I think it is also worth noting that these books have high re-read potential. Ilona Andrews recently noted "a writer can teach the readers pretty much anything through the narrative, but the lower is that starting threshold, the wider is the audience." Aaronovich doesn't handhold the reader, resulting in a higher threshold. He uses London slang, British police vocabulary, architectural terms and stories that are heavily influenced by local geography. Yet, I feel so satisfied after reading his works. This ending especially was a gobsmacker. I wouldn't call it a cliff-hanger, exactly, since I'm pretty confident in his characterizations and Peter's reflections. I think Aaronovich's tv roots are showing, and it's more of a titillating lead-in to the next installment. There's a reason I've made an effort to get the series in hardcover--I want them around for a long time.


"Arts and Antiques, definitely not known by the rest of the Met as the Arts and Crafts squad, occasionally recover an item so valuable that even the evidence storage locker in the middle of New Scotland Yard isn't secure enough."

"I said she could have a look around the fair as long as she didn't talk to any strange people.
'Okay,' she said.
'Or strange things,' I said.
'Whatever,' she said and skipped off.
'Or strange things that are also people,' I called after her."

"'They're probably waiting for one of us to get freeze dried,' said Lesley, whose attitude towards taser deployment was that people with heart conditions, epilepsy and an aversion to electrocution should not embark upon breaches of the peace in the first place."
Profile Image for Nataliya.
744 reviews11.8k followers
April 8, 2014
"This book is dedicated to all the people who get up and do something about it, whatever “it” is and however small the thing it is they do."
With this perfect dedication, Broken Homes - the fourth entry in Ben Aaronovitch's series about a snarky, geeky and ultimately good London Police Constable Peter Grant, employed in the subdivision of the Metropolitan police focused on magical side of the society - hit the high note from the very beginning and remained very good until the last page.

A few things always stand out for me in Aaronovitch's series and make his books quite special.

First is the very distinct narrative voice of Peter Grant - a bit snarky, a bit smartass, full of endless geeky references and quite a bit of self-deprecating humor, and so captivating that, I swear, I'd read about grocery shopping and plumbing if Peter Grant was narrating it.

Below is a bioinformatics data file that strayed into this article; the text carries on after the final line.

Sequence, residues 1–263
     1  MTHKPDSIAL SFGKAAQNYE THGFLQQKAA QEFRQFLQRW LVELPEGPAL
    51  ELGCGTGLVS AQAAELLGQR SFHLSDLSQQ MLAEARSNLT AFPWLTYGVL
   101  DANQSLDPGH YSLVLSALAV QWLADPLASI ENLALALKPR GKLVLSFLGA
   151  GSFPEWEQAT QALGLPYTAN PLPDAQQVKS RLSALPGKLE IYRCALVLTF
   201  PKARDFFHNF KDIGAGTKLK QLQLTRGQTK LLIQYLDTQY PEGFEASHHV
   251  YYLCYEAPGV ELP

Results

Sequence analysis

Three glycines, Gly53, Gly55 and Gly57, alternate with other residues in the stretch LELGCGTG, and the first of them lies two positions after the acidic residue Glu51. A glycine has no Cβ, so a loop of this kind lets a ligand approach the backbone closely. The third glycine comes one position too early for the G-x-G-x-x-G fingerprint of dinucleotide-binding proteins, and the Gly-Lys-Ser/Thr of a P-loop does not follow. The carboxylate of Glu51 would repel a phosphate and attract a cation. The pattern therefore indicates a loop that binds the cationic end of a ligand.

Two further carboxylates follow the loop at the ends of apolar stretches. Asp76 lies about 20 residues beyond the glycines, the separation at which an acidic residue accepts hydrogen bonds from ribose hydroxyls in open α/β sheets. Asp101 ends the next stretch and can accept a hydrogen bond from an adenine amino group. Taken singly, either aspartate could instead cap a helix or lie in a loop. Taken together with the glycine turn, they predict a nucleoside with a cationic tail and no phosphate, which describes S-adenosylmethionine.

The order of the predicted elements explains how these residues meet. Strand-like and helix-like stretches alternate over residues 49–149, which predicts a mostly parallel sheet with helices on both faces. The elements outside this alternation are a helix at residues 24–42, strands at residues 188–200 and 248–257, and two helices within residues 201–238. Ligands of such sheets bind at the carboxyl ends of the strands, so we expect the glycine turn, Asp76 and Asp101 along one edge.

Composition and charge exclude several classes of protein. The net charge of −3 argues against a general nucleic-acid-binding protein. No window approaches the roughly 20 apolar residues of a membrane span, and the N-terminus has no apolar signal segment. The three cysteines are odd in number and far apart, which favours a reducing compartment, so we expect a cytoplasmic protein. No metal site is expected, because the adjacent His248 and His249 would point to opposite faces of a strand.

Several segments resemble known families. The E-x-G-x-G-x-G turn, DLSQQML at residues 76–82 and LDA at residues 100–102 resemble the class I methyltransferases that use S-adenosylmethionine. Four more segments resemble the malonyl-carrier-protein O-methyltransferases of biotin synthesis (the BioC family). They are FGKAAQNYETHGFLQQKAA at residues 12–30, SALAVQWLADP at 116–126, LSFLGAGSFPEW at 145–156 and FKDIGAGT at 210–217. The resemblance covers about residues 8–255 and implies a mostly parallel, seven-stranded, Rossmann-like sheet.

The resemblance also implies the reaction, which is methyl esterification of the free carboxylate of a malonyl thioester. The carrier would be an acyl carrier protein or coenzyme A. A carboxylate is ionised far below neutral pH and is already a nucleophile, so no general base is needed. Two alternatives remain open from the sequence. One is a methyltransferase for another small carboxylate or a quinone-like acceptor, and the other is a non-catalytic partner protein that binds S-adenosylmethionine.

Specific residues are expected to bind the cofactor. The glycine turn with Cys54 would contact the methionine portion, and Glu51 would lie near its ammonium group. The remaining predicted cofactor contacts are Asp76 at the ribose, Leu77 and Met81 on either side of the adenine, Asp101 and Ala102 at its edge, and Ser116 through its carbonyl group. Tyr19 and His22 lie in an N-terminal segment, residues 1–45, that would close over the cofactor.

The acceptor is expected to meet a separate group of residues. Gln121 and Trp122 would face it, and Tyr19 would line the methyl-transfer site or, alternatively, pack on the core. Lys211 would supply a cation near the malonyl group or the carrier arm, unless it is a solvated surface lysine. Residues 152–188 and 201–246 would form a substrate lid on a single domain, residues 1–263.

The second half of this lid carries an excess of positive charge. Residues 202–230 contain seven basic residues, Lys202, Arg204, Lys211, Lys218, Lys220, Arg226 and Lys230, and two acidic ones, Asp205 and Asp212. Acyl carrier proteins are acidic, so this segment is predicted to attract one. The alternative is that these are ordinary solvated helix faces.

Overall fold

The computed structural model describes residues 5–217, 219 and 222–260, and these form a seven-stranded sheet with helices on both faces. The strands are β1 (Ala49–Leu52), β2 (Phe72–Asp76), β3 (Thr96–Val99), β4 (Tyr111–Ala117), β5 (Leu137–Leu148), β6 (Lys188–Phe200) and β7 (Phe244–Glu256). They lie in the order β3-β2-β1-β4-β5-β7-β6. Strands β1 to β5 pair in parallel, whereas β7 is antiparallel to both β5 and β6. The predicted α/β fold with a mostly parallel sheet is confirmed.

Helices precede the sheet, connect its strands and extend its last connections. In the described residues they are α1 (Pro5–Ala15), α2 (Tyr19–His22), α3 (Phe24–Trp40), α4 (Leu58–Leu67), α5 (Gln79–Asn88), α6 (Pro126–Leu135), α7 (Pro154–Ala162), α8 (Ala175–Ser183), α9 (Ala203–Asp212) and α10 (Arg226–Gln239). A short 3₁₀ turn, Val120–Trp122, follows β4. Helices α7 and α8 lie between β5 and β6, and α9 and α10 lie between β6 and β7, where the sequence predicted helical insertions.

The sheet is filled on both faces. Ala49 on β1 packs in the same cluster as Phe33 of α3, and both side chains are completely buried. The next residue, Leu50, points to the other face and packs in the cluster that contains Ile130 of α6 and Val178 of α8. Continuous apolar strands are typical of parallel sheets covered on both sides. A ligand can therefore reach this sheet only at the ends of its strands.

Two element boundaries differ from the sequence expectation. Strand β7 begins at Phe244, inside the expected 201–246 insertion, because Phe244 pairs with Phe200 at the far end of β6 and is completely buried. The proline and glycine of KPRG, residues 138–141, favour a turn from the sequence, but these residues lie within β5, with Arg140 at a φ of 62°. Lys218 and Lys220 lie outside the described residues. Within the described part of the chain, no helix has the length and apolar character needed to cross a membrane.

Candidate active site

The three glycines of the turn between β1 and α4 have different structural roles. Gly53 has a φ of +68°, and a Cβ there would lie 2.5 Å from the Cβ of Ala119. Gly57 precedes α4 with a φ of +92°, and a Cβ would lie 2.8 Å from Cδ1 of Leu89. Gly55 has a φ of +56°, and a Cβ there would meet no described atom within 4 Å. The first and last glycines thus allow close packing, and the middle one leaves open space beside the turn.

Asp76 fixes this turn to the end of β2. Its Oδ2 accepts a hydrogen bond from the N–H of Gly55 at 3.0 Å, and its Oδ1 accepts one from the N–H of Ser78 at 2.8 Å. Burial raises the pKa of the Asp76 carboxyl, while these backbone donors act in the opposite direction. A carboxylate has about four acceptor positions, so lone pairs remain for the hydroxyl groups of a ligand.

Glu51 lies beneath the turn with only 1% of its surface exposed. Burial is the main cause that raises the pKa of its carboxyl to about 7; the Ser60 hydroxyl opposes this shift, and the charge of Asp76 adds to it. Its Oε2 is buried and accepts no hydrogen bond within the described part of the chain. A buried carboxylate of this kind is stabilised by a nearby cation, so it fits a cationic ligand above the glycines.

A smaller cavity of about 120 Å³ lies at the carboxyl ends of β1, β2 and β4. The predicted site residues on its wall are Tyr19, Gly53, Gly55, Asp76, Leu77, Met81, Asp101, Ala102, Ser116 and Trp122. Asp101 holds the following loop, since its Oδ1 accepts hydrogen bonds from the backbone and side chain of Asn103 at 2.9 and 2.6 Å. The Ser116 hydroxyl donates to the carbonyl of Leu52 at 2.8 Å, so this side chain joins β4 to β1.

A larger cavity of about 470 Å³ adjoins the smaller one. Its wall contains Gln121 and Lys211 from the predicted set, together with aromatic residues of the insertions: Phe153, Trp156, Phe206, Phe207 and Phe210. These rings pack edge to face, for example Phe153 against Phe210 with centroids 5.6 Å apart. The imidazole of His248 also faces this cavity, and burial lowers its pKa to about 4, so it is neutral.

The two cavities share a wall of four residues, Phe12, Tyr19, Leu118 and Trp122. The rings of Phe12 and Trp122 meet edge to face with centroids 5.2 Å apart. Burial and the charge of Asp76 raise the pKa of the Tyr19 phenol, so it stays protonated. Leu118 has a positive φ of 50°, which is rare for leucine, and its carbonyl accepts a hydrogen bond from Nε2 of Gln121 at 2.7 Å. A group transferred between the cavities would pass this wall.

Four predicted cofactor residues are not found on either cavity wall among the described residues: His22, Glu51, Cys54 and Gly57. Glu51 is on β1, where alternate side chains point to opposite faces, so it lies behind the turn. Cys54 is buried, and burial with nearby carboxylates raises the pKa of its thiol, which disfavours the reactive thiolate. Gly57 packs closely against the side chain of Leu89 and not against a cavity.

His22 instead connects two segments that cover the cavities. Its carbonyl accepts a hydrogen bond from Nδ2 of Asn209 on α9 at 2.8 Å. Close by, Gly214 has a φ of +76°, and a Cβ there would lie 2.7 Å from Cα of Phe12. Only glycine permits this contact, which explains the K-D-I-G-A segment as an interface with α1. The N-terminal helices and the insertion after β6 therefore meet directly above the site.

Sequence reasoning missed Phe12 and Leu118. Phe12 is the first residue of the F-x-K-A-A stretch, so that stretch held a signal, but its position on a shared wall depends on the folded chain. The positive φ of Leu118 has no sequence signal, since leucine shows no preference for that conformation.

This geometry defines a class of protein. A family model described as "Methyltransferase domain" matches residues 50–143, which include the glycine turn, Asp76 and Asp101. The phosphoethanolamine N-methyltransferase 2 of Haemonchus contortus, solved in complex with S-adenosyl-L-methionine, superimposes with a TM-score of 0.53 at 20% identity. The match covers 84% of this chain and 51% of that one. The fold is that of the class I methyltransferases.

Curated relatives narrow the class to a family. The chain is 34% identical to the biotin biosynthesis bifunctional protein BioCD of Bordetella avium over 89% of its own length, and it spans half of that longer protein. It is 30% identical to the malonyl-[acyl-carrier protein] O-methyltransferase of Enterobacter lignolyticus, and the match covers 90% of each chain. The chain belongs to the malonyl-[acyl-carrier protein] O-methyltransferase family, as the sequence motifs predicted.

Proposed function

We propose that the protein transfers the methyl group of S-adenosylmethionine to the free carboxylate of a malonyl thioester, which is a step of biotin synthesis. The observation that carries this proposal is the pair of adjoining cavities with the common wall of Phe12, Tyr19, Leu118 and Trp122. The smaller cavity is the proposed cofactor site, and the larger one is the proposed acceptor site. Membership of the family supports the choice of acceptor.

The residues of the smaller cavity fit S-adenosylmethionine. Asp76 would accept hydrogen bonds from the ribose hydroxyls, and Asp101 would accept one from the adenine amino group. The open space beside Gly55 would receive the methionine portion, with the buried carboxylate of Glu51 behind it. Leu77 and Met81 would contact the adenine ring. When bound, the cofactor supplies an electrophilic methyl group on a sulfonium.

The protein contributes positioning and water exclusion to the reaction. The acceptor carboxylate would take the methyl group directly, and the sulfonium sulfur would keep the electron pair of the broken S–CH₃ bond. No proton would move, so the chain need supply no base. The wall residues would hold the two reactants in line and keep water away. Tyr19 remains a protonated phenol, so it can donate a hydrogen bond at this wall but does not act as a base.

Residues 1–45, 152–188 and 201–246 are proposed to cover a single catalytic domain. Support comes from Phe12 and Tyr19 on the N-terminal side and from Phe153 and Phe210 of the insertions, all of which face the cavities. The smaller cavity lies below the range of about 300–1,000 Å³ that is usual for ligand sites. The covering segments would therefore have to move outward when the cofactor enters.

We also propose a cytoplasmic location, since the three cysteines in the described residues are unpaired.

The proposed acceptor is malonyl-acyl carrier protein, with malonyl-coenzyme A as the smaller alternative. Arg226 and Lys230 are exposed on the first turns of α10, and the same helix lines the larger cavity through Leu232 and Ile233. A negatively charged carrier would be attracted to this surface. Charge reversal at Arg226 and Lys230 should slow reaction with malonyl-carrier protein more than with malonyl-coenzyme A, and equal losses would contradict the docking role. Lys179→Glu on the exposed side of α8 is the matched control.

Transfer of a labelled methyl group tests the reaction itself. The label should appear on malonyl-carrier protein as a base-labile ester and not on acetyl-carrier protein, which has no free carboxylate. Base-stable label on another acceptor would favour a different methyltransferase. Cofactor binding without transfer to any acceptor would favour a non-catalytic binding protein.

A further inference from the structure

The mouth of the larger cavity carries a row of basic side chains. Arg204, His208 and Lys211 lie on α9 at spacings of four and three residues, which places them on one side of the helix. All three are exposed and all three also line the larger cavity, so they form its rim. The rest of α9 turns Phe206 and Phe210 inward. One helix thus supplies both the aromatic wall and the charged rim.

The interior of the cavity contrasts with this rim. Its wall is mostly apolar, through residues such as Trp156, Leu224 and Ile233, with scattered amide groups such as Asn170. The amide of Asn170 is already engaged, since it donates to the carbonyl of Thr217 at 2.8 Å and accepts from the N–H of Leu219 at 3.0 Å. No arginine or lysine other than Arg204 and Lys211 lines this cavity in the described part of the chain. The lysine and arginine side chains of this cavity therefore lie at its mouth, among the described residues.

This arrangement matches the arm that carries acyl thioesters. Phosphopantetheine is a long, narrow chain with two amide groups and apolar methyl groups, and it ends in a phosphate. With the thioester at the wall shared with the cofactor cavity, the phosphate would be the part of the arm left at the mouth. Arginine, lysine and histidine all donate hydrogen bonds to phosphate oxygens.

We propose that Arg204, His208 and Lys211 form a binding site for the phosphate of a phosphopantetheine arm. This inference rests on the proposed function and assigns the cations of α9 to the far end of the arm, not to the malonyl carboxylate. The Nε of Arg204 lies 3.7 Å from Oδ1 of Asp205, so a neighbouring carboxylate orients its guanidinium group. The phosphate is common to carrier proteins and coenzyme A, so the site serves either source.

"I’d love to stick some high vestigia material into a mass spectrometer, but first I’d have to get myself a mass spectrometer and then I’d have to learn enough physics to interpret the bloody results."
Second is the unbelievably vivid atmosphere of the streets and buildings of architecturally beautiful multicultural London, described so lovingly and fully that even this non-Londoner reader feels that she just took a stroll along the Thames. Speaking of the Thames - I finally decided to search for a map with all the 'lost' rivers of London, mostly tributaries of the Thames that had long ago been converted to underground rivers. And read quite a bit about Heygate Estate which provided inspiration for Skygarden Estate in this book.

Third is the continuing emphasis on keeping these stories as much of police procedural as possible, with constant reminders that keeping the peace comes with the burden of regulations and paperwork and long hours spent gathering evidence and staring at miles of CCTV footage and juggling many different investigative threads that do not always conveniently come together to reveal a bigger picture. Mundane routine is the reality of police life, Aaronovitch emphasizes it, and his characters navigate the system in a way that makes you believe they are actually part of real-life police force.
"It’s a police mantra that all members of the public are guilty of something, but some members of the public are more guilty than others."
Peter Grant books avoid the common pitfall of so many stories that feature anyone with supernatural abilities: the immediate disregard of anyone not magical and resulting complete despising of police force as little but clueless buffoons good for nothing except for throwing obstacles in the way of the heroes. It's not so in Peter Grant series. Police force are the competent people who are perfectly capable of working side by side with their slightly more supernaturally inclined colleagues, even if it means creating just a tad more paperwork than planned.
"So I waited in the porch and wrote up my notes. I have two sets, the ones that go in my Moleskine and the slightly edited ones that go into my official Met issue book. This is very bad procedure, but sanctioned because there are some things the Met doesn’t want to know about officially. In case it might upset them."
These stories also not only feature a wide array of non-white characters (as would be appropriate in a city as multicultural as London), but have quite unique in our literature approach of actually integrating race in the story, casually mentioning race in the description of many white characters, thus subverting the unspoken rule that only non-white characters' race needs to be specified since white is the assumed default. No, here race is just one of the descriptors, applied to white people as well, and that reads very refreshing and common-sense.